Sex, Violence & Profanity in Novels

A recent review of my latest novel, At the River’s Edge, caught my attention. The reviewer appreciated reading a murder mystery that wasn’t laced with profanity and sexual content. Similar comments have been made by other readers.

To be clear, I wrote this book for adults, and it does contain earthy language and moderate violence. After all, it is a murder mystery, but it doesn’t contain explicit sex scenes, and the violence is within the context of the story.

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I believe you can build tension and suspense in a mystery without gory violence or profane language. I only need to reference Rod Serling and his TV series, The Twilight Zone, to make my point. For younger readers, Google him or take a look at a YouTube clip of one of the episodes from the 1950s and 1960s.

I’ve never overused violence or profane language in any of my novels. Early on, however, I mistakenly believed those who told me sex sells, and I attempted a couple of lust-filled scenes in my first two books, Corrupt Connection and Better Late Than Ever.

A romance novelist who reviewed the second book said the sex scenes read like the author was not committed to what he was describing. She was right. I couldn’t force myself to write the oft-used, salacious words describing what the lovemaking partners were doing to each other.  While readers expect this content in romance novels, I don’t think it flows naturally in a murder mystery or crime novel.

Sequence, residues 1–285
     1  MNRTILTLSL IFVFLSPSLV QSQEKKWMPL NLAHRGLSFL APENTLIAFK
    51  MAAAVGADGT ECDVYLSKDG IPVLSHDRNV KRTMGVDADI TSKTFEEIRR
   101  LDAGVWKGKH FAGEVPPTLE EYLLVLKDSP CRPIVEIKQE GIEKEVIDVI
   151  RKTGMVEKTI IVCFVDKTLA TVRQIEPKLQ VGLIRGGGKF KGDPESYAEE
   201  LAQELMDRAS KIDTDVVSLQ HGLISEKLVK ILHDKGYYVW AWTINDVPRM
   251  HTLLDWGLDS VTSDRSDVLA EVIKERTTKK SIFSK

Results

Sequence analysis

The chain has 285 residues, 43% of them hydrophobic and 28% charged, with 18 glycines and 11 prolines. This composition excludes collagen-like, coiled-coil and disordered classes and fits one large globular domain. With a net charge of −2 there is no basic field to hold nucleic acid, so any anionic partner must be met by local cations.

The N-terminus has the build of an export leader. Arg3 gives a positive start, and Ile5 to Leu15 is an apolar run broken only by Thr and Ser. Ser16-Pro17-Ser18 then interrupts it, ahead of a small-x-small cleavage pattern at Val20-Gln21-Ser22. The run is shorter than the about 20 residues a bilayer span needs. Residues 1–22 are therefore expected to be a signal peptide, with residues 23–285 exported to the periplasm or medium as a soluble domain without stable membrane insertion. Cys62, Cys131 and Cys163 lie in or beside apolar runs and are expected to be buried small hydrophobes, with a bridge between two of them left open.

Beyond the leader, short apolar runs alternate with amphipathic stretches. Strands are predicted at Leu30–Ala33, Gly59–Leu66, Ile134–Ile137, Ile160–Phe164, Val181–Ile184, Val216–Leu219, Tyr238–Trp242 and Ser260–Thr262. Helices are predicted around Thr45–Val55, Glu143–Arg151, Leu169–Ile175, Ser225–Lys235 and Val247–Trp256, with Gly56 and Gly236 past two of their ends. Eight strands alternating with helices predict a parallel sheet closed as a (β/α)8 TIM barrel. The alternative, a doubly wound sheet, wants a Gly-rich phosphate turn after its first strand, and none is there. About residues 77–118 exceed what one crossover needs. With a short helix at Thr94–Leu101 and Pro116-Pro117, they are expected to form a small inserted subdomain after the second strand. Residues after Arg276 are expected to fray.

You will not find a focus on lust in John Grisham’s suspense-filled novels. In fact, he once mentioned his early attempts at integrating sex scenes into his thrillers made his wife laugh.  To this date, he avoids politics and lust.  I can’t think of a better role model or advice for writers of suspense.

My current novels contain elements of romance, including At the River’s Edge, but now the door closes and reopens a few pages later. What happens in between is up to your imagination.

Learn more about At the River’s Edge by Clicking Here.

4 thoughts on “Sex, Violence & Profanity in Novels

  1. I agree completely. I once mentioned to an author that I thought a sex scene in his manuscript felt out of place (even though it was “fade to black” stuff and not descriptive). It had no purpose to the plot advancement and felt wrong for the genre he was writing in. He took criticism well, but I believe he thought my reservation was due to my conservative nature, rather than the fact that the scene was awkward and unnecessary.

    I say go for it! If you’re writing a romance, then take it to whatever level is appropriate for the type of romance. But non-romance books don’t require a romantic involvement to be interesting. You can easily hold a reader’s attention with a great story and solid writing style.

    Liked by 1 person

  2. I don’t write sex scenes into a story. Why? It’s none of my damn business for openers what happens behind closed doors between my characters (does that sound crazy or what). And rarely does it move the story forward. Most writers toss them in there for no other reason except to have one.

    The other reason I don’t write them is I like to think of myself as a good Christian man, and by the definition Jesus put out there of Adultery, well, committing something graphic to paper sounds to me like it meets that definition. Crossing that line to entice a reader into buying the book is a little like selling out my ethics. I just won’t go there.

    Like

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